DALLAS -- Mavericks big man Chris Kaman has scored 38 points on 18-of-26 shooting in 40 minutes the last two games.
“I should roll my ankle more often, right?” Kaman cracked.
As far as Kaman is concerned, it’s a minor medical miracle that he didn’t miss a game after spraining his left ankle late in Thursday’s win over the Suns. Or it’s at least evidence that the Mavs have an outstanding medical staff.
When Kaman went down, he thought he’d be out for three to four weeks. He’d been totally off his feet for four or five says when he suffered similar sprains in the past.
Coach Rick Carlisle credited Dirk Nowitzki, who has a history of recovering quickly from ankle sprains (if not arthroscopic knee surgery), for giving Kaman advice that helped speed up the healing process.
It turns out that Nowitzki just encouraged Kaman to follow head athletic trainer Casey Smith’s orders to wake up every two hours to treat the ankle with a compressed ice machine that first night.
“Then Dirk said, ‘Yeah, do what he said. That’ll really work,’” Kaman said.
Well, it did work.
“The first night is the most important night,” said Kaman, whose routine now is to wake up once per night to ice. “It blows my mind still. I just learned that after 10 years. I wish I would have known that a long time ago.”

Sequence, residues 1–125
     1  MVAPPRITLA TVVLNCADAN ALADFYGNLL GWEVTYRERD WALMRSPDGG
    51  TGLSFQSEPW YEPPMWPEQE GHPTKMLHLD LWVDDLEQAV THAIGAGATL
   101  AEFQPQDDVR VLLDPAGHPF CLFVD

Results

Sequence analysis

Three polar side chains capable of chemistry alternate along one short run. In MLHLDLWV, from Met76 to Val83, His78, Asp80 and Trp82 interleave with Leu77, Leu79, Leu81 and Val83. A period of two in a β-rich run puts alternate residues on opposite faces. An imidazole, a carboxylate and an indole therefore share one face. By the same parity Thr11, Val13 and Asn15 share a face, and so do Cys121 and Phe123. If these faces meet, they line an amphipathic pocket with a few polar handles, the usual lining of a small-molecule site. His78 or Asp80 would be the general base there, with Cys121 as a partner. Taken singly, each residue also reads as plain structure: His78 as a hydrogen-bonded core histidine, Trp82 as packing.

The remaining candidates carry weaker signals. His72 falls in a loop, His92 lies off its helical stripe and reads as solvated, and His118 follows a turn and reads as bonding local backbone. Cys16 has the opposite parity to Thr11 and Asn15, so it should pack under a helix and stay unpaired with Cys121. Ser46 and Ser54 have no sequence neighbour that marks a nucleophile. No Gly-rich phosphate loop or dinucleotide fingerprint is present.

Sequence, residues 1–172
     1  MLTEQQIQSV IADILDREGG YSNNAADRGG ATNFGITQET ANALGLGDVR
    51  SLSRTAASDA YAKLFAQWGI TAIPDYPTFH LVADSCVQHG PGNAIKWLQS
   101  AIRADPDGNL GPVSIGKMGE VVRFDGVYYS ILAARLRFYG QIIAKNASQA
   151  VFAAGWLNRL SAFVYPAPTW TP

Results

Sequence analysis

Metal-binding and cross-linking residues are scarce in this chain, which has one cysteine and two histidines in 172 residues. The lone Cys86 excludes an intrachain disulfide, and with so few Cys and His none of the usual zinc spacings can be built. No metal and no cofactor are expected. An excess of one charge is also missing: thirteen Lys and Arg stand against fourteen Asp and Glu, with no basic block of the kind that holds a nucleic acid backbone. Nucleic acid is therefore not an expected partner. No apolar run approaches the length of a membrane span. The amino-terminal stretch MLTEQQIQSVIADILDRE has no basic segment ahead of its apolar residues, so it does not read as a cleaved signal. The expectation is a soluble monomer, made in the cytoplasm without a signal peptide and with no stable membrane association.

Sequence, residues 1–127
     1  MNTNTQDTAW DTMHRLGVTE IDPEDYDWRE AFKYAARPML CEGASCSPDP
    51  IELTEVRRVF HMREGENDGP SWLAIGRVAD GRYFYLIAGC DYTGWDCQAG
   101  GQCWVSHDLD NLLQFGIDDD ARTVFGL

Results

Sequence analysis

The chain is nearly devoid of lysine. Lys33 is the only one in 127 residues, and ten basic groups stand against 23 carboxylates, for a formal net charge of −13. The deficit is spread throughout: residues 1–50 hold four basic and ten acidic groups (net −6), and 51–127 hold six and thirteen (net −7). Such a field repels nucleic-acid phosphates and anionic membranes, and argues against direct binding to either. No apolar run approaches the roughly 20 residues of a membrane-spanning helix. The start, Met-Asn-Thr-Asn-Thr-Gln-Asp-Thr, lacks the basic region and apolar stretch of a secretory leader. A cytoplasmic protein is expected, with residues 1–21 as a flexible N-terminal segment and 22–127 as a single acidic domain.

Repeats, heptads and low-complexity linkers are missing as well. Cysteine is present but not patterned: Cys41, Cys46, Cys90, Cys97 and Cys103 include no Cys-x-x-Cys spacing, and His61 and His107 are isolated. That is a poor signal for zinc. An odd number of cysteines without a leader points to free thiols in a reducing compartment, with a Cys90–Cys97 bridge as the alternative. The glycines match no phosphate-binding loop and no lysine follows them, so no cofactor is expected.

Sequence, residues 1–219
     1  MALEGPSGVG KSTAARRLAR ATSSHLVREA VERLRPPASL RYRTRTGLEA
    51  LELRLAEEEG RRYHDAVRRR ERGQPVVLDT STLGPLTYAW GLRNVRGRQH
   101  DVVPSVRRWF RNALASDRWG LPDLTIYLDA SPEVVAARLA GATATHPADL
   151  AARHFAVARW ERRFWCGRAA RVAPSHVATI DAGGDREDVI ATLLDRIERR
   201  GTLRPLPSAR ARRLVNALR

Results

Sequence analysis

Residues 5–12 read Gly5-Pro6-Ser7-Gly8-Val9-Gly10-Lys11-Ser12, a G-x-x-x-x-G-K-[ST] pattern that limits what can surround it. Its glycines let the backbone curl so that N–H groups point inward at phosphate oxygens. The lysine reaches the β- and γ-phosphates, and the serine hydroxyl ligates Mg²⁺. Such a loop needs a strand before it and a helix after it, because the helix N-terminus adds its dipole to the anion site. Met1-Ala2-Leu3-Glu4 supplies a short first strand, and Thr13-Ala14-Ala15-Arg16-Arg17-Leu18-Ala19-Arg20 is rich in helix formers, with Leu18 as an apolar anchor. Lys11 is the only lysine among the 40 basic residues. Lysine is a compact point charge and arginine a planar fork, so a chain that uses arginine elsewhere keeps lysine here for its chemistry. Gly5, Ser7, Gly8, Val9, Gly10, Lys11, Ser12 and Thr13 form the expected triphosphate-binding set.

Kaman is far from healthy. His ankle is still “a glowing purple,” to borrow Carlisle’s descriptions, and his lateral movement and explosiveness are limited. (Kaman admittedly doesn’t “really do a lot of exploding anyways.”) He’s dealing with soreness and stiffness.
But Kaman has been a big factor for the Mavs, who have won three straight games to bump their record above .500 again, despite the bad wheel.
Kaman has done most of his damage recently with midrange jumpers. He’d like to get a few more post-up opportunities, but he’s found a nice niche in the flow of the Mavs’ offense.
“Ankle hurting or whatever, he’s been great for us, hitting that midrange shot, facing up, not doing too much when they’re crowding or double-teaming him,” Elton Brand said. “We need him to continue to play like that for us to continue to win. He’s been great.”
Credit modern technology and some good medical advice for the assist.